Earlier this month, the Wall Street Journal also reported that Apple has earmarked $1 billion in spending on original entertainment over the next year. So perhaps the main takeaway here is that Facebook chief Mark Zuckerberg simply wants the market knows he’s willing to play in the same league as Apple, the world’s biggest tech company.
Whether Facebook will actually shell out hundreds of millions for shows it pushes into Watch, its new video-aggregation guide, is another question. The fat billion-dollar number, supposedly through the end of 2018, “could fluctuate based on the success of Facebook’s programming,” according to the Journal report.
There’s reason to be skeptical about how big Facebook’s appetite will be for funding original shows. The company’s strategy with investing in episodic series, execs have consistently said, is to jump-start the video-creator ecosystem on the platform. Its stated long-term ambition is to let thousands of shows bloom without its involvement — operating like YouTube, open to anyone and sharing advertising revenue with content creators and publishers in a 55%-45% split (where the content owner receives the larger portion).
In addition, it’s unclear from the Journal report whether that $1 billion figure includes sports programming deals. The biggest spending by Facebook on video content would likely be around streaming sports: For example, Facebook entered a losing bid of $600 million for five-year rights to Indian Premier League cricket matches, which was won by 21st Century Fox’s Star India for $2.55 billion.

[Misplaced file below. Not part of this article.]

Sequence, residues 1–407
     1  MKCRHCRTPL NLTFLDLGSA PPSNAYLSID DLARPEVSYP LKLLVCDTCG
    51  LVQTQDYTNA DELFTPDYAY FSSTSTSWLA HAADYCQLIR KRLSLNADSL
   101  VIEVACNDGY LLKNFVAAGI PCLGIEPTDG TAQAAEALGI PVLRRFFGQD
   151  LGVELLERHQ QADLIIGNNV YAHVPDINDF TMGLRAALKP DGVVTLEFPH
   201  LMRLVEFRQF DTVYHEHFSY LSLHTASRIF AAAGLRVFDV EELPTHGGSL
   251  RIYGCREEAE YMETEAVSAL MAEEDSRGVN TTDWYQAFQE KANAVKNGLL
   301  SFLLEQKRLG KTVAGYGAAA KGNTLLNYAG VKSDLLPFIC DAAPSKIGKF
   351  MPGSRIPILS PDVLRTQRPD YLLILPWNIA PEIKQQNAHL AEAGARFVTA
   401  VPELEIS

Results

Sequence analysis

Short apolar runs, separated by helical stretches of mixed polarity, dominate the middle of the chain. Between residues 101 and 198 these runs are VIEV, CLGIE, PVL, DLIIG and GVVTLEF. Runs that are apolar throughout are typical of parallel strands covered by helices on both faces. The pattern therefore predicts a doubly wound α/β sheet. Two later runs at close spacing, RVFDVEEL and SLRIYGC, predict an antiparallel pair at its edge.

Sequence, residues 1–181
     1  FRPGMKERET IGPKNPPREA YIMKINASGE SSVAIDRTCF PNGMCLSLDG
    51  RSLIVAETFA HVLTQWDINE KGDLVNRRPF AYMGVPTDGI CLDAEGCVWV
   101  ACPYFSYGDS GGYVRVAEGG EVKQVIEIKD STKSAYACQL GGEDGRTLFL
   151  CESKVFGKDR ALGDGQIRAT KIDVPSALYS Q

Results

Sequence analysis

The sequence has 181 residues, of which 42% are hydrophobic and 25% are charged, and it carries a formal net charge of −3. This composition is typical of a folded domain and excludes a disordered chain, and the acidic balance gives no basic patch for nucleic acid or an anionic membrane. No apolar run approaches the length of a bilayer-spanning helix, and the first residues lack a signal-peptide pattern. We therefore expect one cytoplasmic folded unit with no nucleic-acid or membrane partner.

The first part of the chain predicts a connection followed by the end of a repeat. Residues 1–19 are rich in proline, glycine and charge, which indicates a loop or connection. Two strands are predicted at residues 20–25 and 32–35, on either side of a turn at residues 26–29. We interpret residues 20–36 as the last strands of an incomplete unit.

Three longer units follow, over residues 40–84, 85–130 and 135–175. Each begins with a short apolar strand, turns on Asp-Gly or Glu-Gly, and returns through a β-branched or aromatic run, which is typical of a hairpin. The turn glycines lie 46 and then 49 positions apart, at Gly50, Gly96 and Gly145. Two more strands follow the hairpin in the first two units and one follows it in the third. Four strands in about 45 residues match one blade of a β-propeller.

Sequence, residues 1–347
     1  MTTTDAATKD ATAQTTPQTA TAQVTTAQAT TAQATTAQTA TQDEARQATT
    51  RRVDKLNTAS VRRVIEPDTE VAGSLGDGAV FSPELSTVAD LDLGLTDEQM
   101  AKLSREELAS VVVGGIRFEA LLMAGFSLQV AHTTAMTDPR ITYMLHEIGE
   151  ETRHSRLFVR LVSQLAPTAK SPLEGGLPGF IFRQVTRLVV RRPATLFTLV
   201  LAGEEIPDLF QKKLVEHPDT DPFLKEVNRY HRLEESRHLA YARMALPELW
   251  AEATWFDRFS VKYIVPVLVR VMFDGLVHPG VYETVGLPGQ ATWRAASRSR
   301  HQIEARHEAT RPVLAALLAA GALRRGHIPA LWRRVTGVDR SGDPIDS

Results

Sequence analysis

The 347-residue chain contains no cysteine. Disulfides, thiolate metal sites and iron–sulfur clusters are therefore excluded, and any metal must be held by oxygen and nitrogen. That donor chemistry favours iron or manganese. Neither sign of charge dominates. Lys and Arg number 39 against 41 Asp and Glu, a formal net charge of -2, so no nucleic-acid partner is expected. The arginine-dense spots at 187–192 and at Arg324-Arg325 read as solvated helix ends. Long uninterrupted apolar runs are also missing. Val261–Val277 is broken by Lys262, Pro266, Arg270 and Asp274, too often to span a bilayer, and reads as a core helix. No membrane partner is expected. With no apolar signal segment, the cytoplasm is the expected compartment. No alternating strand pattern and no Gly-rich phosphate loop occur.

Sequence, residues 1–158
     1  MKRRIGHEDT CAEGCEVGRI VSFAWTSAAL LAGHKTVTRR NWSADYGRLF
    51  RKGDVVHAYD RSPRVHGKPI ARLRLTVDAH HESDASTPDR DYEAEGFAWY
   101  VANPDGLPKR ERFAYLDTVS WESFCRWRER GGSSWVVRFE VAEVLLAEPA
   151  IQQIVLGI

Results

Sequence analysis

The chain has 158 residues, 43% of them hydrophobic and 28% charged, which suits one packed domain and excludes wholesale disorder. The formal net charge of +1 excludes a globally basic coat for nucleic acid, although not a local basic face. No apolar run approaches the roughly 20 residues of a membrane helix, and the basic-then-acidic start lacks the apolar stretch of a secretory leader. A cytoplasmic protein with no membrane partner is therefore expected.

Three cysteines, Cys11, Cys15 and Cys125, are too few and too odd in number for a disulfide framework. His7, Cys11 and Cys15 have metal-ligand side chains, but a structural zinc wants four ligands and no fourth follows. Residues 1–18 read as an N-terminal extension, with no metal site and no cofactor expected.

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Currently, Facebook is running a weekly live-streaming Major League Baseball game, and also has cut pacts for Major League Soccer, eSports content from ESL, and others. It bid for the NFL’s “Thursday Night Football” 10-game package for the last two years, but lost out to Twitter in 2016 and to Amazon for the current season.
And while the WSJ piece suggests Facebook’s original content push puts it into competition with the likes of Netflix, Amazon and HBO, that’s not really true. Netflix and Amazon currently spend far more on content — in the neighborhood of $6 billion and $4.5 billion, respectively — as does HBO (around $2 billion annually).
Moreover, if the first batch of the several dozen shows in Watch is any indication, Facebook’s programming lens skews more toward viral-friendly short-form content and reality shows rather than big-ticket dramas like “Game of Thrones” or “House of Cards.” That could change. But for a free, ad-supported internet service — even one as massive as Facebook — it would be risky to bet on programming that costs millions per episode.